The residents are dressed in a mixture of styles from the 1780s and 1790s, and some of them aren't bad at all. Plenty of actors have been costumed in paler or more attractive colors, but in the center, where Mr. Darcy (and the audience) is directed to look by the diagonal lines of people, is a sea of brown cloth, workaday clothing, and scraggly hair. Is this because Jacqueline Durran and Joe Wright had no idea what was appropriate for costuming? No, it's to highlight how horribly deary and shabby this place looks to the newcomers. In this shot, accuracy comes second to interpretive ability.
It's been said that Miss Bingley is in her underwear, but this is not true. Her gown has distinct underbust seaming and sleeves made in two layers - she would have been recognizably wearing a gown, though it would have been incredibly daring in 1796. Even the merveilleuses wore longer sleeves (although their dresses were much more sheer, balancing it out). But that's not as important as the fact that it's clearly more fashionable and more attractive, setting her apart from the townies.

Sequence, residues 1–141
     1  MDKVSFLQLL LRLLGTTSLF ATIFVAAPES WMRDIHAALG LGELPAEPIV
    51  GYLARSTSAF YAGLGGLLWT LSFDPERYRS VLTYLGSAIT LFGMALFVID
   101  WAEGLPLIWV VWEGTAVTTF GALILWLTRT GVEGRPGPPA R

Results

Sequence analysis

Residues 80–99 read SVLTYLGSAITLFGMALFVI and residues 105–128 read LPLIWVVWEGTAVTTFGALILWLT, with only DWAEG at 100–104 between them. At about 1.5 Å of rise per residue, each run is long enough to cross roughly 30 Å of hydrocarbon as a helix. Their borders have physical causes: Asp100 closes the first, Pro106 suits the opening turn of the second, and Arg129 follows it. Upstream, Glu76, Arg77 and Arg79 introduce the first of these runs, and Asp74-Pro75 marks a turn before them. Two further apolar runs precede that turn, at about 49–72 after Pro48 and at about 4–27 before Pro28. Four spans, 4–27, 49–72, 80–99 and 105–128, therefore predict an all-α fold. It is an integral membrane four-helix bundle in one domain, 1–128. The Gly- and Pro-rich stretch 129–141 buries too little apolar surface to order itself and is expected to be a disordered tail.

In every scene involving a juxtaposition - Caroline vs. Elizabeth, everyone else vs. the Bennets vs. Elizabeth, Elizabeth vs. sisters, Jane and Elizabeth vs. Caroline - accuracy comes second to interpretation, while scenes without it (or characters who aren't being compared) tend to be more accurate. Would it have been possible for them to do this more subtly with everyone in accurate clothing? Yes, but instead of being something for the entire audience to grasp, it would be essentially an easter egg for the most dedicated, and I suspect would have still drawn criticism from people comparing the costumes to the 1810s.
I've seen the dress at the Netherfield ball critiqued for being too white - because while the Regency loved the little white dress, that was not the only color worn at balls. And that's true. But prior to the Regency, during the 1790s, fashion plates and satires show an overwhelming amount of white gowns. It's entirely possible that all of the young ladies at a ball in the late 1790s would be dressed in white.
Jane's gown overall appears the most accurate. The sleeves are a little short and puffed, more appropriate to ca. 1804 or later, and they have an entirely modern keyhole in them (likely an intentional, artistic anachronism), but that is exactly the curve of the neckline depicted in very many fashion plates. The gathering in the bodice and skirt also accurately mimics the fullness in gowns at the time.